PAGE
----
FBI spent nearly decade pursuing spy suspects in bid to gain counterintelligence

By Walter Pincus
Washington Post Staff Writer
Saturday, July 3, 2010; A01

The Russian spy case that exploded into public view this week was preceded by nearly a decade of cat-and-mouse activities with the FBI, according to court documents and an interview with a senior U.S. official familiar with the case.

None of the suspects, who allegedly served as undercover agents for Moscow's foreign intelligence service, was arrested until Sunday. But a close examination of court documents indicates that by mid-2006 investigators had already searched the homes of four of the couples, planted microphones in at least three of their residences, regularly reviewed their encrypted computer messages, and videotaped meetings where money and equipment were exchanged.

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So why hadn't any of the alleged spies been arrested earlier?

"There is always something else to be learned," said a senior law enforcement official.

Indeed, the investigation into the 11 alleged foreign agents appears to have been a case study in counterintelligence. As a matter of technique, the FBI and the CIA generally weigh the opportunity of gaining valuable counterintelligence against the danger of allowing subjects of interest to continue operating, lest they obtain U.S. intelligence or manage to flee.

In the Russian spy case, the counterintelligence gains could have included the names of Russian couriers and spy handlers, the names of Americans whom the Russians had sought to recruit, or knowledge of Russian espionage techniques and practices that could be employed in counterintelligence activities elsewhere in the world.

Already, the FBI has revealed enough information about the suspects to indicate that it may have gained valuable counterintelligence about Moscow's spy operations. According to a Justice Department letter filed in U.S. District Court in New York, for example, the FBI has acquired and decrypted more than 100 messages exchanged between one couple, Richard and Cynthia Murphy, and the SVR, the Russian spy agency. Only about 10 of those messages were described in the criminal complaint against the Murphys, who reside in New Jersey.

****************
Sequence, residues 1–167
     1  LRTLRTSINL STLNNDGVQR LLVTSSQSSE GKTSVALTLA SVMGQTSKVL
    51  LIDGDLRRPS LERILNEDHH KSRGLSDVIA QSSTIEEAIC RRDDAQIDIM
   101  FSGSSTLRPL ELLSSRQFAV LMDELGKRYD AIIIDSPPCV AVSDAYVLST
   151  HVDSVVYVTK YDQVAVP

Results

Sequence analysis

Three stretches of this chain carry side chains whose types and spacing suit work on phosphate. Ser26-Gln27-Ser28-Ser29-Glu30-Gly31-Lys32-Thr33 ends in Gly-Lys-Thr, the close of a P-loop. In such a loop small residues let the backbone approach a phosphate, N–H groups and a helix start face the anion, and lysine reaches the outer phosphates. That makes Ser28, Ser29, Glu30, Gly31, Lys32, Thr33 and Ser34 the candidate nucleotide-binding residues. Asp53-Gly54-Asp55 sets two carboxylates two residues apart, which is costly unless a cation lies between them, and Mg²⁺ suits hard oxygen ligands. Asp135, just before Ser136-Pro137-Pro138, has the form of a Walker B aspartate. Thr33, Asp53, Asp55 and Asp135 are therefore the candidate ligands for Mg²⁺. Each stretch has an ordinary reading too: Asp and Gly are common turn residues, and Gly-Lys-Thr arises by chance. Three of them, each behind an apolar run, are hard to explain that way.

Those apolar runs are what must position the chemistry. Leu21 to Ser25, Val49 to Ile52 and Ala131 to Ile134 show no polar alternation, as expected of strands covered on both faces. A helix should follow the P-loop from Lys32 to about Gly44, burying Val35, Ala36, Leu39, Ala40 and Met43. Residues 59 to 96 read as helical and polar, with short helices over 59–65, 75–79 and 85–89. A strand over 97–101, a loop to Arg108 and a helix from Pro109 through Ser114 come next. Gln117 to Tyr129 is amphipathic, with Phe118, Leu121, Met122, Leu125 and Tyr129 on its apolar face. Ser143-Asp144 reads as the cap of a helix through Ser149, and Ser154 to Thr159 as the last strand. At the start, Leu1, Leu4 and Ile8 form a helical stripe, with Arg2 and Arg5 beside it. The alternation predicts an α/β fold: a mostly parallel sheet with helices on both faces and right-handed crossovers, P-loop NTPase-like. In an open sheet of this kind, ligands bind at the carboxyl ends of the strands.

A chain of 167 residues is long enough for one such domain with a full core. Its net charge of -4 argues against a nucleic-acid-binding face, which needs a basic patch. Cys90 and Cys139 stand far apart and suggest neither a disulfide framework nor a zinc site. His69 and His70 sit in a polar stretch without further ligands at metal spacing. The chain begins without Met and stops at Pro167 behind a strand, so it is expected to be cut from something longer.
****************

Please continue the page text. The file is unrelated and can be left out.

Separately, the Yonkers, N.Y., apartment of Vicky Peleaz, a columnist for New York's El Diario La Prensa, and Juan Jose Lazaro, a political science professor, was bugged in February 2002. Yet in court papers the Justice Department described only five conversations recorded inside the apartment over the intervening years.

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The case against the suspects appears to have been built gradually over the years. One or another of the initial two couples that the FBI tracked led agents to the others, either when they met to transfer money or had exchanges to set up meetings. The search of one couple's home in 2005, for instance, led to the discovery on a computer of passwords permitting access to a Russian encryption software program involving "steganography," by which messages are concealed in otherwise unremarkable images. A year later, that discovery allowed investigators to reconstruct deleted steganography messages on the computers of two other couples.

It is not clear what initially sparked the FBI probe. One of the earliest signs of the bureau's interest dates to January 2001, when investigators obtained a court order to search a safe-deposit box belonging to Donald Howard Heathfield and Tracey Lee Ann Foley at a bank in Cambridge, Mass. The couple lived in a Boston-area townhouse.

In the safe-deposit box, the FBI investigators found a Canadian birth certificate in Heathfield's name -- he had claimed to have been born in Canada -- but they also turned up photographs of Foley as a child. One of the negatives bore the name TACMA, a Soviet film company.